A wine time

Vino 100 is having fun and bringing affordable “boutiquey” wines to Chico

OF WOMEN AND WINE <br>The five franchise partners of Chico’s Vino 100: (from left) Debby Stewart, Yvette “Yogi” Bocast, Jo Scott, Laura Burwell and Desi Cowan

The five franchise partners of Chico’s Vino 100: (from left) Debby Stewart, Yvette “Yogi” Bocast, Jo Scott, Laura Burwell and Desi Cowan

Photo By Vino 100

“One hundred great wines for $25 or less.” In a city like Chico, with its earthy body of small-town values and slight bouquet of big-city sophistication, the concept behind the Vino 100 slogan would seem to be an ideal fit. You get something of quality that you would normally only be able to find in a metropolitan area, and you get it for a reasonable price. Combine that simple idea with a location that is next door to the popular Mangrove Safeway grocery store, and you have a the foundation for a business plan that would seem to have a very real chance for success.

It hasn’t even been a year since store manager Debby Stewart and her four partners bought into the Vino 100 franchise and opened the wine and gift shop in Chico, and it’s already clear that they’re having a lot of fun with the investment.

The business that Stewart and partners Laura Burwell, Yvette “Yogi” Bocast, Desi Cowan and Jo Scott have created is fast becoming a community meeting place where every aspect of the business is intended to engage the customer. With wine at the center—those 100 wines for 25 bucks or less—the conversation begins with their little wine barometer signs that gauge the flavor (from “fruity” to “dry") and body (from “light” to “full") of each bottle of wine in the cozy, wood-lined room. The focus is on what Stewart calls “boutiquey” wines, those from small wine-makers, not mass-produced. There’s an emphasis on wines from other countries, as well as wines (and olives, olive oils, furniture, etc.) that are produced locally.

Add to that daily wine tastings, an on-site expert (former Ray’s wine consultant Jim) and an energetic group of owners who taste all the wines and revel in sharing their discoveries with the customer, and you have a pretty happenin’ place to go work each day.

“It’s not a drudge—it’s fun here,” said Stewart about the family-like atmosphere that the five friends who’ve known one another for nearly 20 years have created. “The exchange is fun and it’s positive and it’s uplifting. [A partner] may come by to just pick up something, but they end up being here for an hour or two, getting involved in the exchange.”

Stewart is a huge part of it. Though she says she’s the “serious” one of the bunch, her staunch anti-snobbery approach to customer service is exemplified by her warm Cali-girl drawl: “Sauvigon Blancs from New Zealand, oh my God, they’re just killer.”

It’s the sort of warm business one would normally associate with a mom-and-pop shop instead of one that was part of a franchise.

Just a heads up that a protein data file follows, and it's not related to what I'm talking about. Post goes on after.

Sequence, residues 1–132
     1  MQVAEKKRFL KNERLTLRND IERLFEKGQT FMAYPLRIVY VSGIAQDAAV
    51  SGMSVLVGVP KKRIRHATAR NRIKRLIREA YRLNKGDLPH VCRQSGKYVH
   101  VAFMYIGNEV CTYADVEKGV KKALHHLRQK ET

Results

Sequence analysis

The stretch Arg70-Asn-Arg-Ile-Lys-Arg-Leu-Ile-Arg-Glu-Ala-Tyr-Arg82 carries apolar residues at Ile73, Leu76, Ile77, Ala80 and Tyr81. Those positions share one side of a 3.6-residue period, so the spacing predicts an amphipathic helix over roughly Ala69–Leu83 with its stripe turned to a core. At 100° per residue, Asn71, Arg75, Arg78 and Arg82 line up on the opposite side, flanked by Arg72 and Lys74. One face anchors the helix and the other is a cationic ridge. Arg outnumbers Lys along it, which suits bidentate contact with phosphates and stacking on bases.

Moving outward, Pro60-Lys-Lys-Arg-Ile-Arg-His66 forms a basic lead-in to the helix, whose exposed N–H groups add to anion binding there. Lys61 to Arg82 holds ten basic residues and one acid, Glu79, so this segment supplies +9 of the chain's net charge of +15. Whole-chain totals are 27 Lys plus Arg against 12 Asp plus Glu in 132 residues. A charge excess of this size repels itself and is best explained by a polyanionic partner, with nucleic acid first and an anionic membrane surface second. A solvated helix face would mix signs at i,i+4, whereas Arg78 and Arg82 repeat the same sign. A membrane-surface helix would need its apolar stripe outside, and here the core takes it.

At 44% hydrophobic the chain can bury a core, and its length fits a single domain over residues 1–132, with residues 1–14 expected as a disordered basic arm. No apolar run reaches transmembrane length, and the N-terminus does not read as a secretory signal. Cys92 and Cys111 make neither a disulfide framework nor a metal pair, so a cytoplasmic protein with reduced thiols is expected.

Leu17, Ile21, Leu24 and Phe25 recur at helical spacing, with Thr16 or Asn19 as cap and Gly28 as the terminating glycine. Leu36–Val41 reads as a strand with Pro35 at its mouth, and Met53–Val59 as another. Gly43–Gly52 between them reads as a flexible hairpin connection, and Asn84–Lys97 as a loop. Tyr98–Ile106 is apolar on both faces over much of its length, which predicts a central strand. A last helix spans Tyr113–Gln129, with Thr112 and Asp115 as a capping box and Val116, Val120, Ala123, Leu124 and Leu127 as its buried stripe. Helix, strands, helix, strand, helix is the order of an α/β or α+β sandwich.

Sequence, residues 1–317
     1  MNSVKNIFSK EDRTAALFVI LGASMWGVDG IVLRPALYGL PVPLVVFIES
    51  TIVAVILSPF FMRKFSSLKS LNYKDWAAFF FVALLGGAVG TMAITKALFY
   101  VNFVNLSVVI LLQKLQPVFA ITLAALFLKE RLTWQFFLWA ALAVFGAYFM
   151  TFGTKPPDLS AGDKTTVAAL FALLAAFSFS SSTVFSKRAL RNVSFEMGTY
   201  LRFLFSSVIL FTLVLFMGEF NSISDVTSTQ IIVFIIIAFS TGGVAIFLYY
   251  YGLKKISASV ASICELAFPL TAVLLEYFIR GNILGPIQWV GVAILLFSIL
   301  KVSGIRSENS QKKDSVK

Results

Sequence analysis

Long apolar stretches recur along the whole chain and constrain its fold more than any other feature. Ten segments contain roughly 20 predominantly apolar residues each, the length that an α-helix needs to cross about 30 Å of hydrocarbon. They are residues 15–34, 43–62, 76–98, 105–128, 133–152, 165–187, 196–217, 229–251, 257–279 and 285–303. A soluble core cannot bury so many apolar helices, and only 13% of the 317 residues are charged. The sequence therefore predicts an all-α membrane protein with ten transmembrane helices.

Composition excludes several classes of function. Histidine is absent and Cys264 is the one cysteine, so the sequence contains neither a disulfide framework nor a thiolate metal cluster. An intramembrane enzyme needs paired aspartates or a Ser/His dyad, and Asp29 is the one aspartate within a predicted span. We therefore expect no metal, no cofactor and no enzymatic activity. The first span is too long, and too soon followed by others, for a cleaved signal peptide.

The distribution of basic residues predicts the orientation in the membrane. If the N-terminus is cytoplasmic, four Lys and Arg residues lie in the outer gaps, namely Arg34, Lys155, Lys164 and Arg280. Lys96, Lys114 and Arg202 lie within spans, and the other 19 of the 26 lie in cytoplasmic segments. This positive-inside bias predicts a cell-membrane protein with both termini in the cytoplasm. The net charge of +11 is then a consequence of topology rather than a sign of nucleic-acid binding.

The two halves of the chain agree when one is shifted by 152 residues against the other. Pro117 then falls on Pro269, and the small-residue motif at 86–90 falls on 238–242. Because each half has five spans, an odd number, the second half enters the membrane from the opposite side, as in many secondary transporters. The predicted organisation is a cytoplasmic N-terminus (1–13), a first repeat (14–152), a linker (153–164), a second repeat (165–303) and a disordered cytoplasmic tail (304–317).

Stewart is pictured at the then-unfinished shop before it opened it last summer.

Photo By Tom Angel

“What was really cool was that it’s not a cookie-cutter,” said Stewart. “People who are entrepreneurial, they have their own ideas, they have their own things they want to try. A lot of franchises won’t let you do that, and this one allows you to. So that’s awesome.”

The company itself hasn’t been around a whole lot longer than its Chico branch. An offshoot of the Tinderbox company (the huge cigar store franchise that has been around for a long time—75 years), the first Vino 100 opened in Peoria, Ill. in April of 2003. It’s actually a combo store with an existing Tinderbox shop. In fact, several of the franchises have opened as Vino 100/Tinderbox combos.

According to Robert Craft, Vino 100’s director of franchise development, there are 30 Vino 100s now open, with about 27 more in development. Craft was very complimentary of the new Chico store, saying that the women “are doing wonderful.”

“This one attracted us because of the philosophy behind it,” Stewart explained. “It’s basically designed to be extremely friendly and educational if the customer wants it—kind of a family-type shop where people feel extremely comfortable right off the bat.”

Formerly the chief financial officer for local company Norfield Industries, Stewart wanted to try something different and her job search eventually led her to pursuing starting a business early on with partner and best friend Yogi Bocast.

“We started looking at franchises, because of the [lower]-risk factor—we’re both accountants by the way—because most businesses, like 80 percent of them, fail in the first year. Franchises have a lower risk … a better success rate. There was this one ad about Vino 100 that we just kept laughing about, and going, ‘God, wouldn’t that be a blast?’ Because we both love wine.”

After a trip back east and a positive day-long meeting at company’s Philadelphia headquarters, Stewart and Bocast brought in the additional partners and decided to go for it, putting their love of wine and their business backgrounds to the test.

Vino 100’s Craft said it’s a turn-key investment of around $185,000, which includes the $30,000 initial franchise fee. After that, the commitment to the parent company is a 5-percent monthly royalty from retail sales.

It may be less than 1 year old, but Stewart says, “We’re already meeting our budget.” She also says that they’ve been very encouraged by customer response, citing word-of-mouth as their best advertising. “I would say more than 50 percent [of new customers] say, ‘so-and-so said I had to come in here.'”